But that, again, illustrating the advantages or the priorities, that parking garage was converted to a very fine laboratory in a very short time, a few months, the time it was changed from just a parking garage to a laboratory. And it was completed. It had all kinds of services and, since I had fairly large equipment, it was nice to have the Welling Laboratory nearby and a lot of talented craftspeople available. And so it was really a pretty efficient laboratory facility that was created, again in a very short time.

So it was an exciting period.

[Tape Switch.]

Kelly: Did you work with Harold Urey?

Trauger: I knew Urey. I worked under Urey, of course. He was around the Nash Building and the—and Columbia, I saw him. I guess I first met him in my laboratory when I moved out of the routine testing into the laboratory where I was developing the test equipment for barrier tests, testing barrier tubes.

He came in there one day and had seen the equipment we had and he said, “What’s going on in here?” So I started to explain it to him. And so he listened for a while until I got to—mentioned one of the senior people in the project that was working directly with him and that seemed to satisfy him; he went down the hall. But I saw him a number of occasions at different times in different ways.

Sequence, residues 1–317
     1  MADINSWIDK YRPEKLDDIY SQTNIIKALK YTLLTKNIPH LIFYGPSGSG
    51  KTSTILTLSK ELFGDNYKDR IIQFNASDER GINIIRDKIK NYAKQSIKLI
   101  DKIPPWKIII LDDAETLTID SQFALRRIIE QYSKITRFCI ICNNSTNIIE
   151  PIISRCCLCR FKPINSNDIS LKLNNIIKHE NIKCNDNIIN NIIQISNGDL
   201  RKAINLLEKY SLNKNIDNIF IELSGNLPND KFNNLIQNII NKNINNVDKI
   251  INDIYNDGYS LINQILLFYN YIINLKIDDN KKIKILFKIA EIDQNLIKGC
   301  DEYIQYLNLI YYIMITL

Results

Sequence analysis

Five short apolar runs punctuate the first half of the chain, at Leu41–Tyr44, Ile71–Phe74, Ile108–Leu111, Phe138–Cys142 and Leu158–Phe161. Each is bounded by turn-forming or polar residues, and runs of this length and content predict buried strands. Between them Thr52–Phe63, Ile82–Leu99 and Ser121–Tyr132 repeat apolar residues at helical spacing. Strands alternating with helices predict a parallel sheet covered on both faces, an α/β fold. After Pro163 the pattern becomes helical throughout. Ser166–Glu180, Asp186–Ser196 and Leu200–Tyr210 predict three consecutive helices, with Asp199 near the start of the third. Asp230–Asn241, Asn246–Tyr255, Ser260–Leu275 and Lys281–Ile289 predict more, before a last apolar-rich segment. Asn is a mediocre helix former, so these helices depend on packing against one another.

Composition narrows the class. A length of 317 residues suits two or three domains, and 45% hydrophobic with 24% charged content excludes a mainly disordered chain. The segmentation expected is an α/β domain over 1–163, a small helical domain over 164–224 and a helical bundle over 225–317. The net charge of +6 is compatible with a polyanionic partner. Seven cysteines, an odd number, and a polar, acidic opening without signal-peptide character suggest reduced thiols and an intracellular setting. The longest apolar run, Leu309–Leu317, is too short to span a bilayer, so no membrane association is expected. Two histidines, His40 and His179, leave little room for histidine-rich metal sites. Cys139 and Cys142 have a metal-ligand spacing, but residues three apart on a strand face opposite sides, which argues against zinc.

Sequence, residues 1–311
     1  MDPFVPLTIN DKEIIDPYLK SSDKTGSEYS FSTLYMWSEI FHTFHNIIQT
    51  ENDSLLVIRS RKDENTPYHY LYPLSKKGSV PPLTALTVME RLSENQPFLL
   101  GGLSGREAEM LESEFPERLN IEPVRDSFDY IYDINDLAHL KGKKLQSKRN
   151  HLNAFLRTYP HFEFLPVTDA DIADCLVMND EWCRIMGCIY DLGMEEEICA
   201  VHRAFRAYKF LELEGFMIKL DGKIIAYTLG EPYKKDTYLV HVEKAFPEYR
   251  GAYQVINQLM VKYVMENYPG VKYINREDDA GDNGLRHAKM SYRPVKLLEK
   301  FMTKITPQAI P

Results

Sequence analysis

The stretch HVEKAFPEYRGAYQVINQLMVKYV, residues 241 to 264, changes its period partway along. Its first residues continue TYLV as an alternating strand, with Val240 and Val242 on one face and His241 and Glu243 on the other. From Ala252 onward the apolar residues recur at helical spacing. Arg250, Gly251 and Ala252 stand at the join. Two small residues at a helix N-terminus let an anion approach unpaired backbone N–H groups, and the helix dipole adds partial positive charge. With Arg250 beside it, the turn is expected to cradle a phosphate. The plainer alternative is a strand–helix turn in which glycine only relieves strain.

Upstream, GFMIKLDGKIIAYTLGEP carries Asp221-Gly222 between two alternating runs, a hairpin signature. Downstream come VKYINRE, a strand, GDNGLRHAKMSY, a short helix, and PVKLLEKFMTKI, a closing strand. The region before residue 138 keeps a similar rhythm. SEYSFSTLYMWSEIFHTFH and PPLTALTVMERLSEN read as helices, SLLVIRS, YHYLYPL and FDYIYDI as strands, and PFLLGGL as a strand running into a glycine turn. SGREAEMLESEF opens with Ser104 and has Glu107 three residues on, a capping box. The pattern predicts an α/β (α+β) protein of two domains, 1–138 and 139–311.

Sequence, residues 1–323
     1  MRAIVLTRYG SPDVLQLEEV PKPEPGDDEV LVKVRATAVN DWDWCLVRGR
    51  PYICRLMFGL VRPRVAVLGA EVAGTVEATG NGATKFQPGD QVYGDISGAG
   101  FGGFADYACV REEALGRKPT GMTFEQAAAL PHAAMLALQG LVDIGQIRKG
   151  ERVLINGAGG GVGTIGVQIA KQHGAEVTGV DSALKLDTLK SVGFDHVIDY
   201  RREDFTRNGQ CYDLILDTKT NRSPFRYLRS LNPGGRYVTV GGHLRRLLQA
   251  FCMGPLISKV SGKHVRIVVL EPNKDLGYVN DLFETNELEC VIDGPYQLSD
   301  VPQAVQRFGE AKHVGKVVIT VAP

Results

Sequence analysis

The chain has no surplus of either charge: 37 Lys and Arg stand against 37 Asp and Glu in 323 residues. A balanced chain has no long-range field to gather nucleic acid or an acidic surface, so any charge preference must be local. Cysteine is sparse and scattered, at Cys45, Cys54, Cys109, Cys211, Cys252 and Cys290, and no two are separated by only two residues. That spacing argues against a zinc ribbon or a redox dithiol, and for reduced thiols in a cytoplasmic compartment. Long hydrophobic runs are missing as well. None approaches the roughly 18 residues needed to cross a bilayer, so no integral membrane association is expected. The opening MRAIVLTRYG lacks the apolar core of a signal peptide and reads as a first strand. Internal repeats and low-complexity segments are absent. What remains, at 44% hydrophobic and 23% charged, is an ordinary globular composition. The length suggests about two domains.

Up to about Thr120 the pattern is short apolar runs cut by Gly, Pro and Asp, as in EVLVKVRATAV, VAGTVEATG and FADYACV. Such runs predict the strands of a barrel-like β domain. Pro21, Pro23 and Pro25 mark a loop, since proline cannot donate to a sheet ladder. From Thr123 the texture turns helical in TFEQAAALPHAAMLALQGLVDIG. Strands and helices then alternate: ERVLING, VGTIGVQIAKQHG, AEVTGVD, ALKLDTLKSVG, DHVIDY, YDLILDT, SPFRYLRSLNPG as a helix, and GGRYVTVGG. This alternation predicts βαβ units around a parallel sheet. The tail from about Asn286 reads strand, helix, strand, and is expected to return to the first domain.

Kelly: What about [John R.] Dunning?

Trauger: Well I, of course, had known of Dunning before I went there, and I didn’t meet him for several days after I arrived there, but I came to know Dunning and his family.

And recently, here at the museum, his son, who I knew at that time during the war was a little boy, but he was here speaking at a seminar here, part of the sixtieth Secret City celebration, and so I enjoyed meeting him again. I told him, I said, “This is the second time we’ve met.” [Laughter.] But he didn’t remember the first time, of course. And he’s a very delightful person.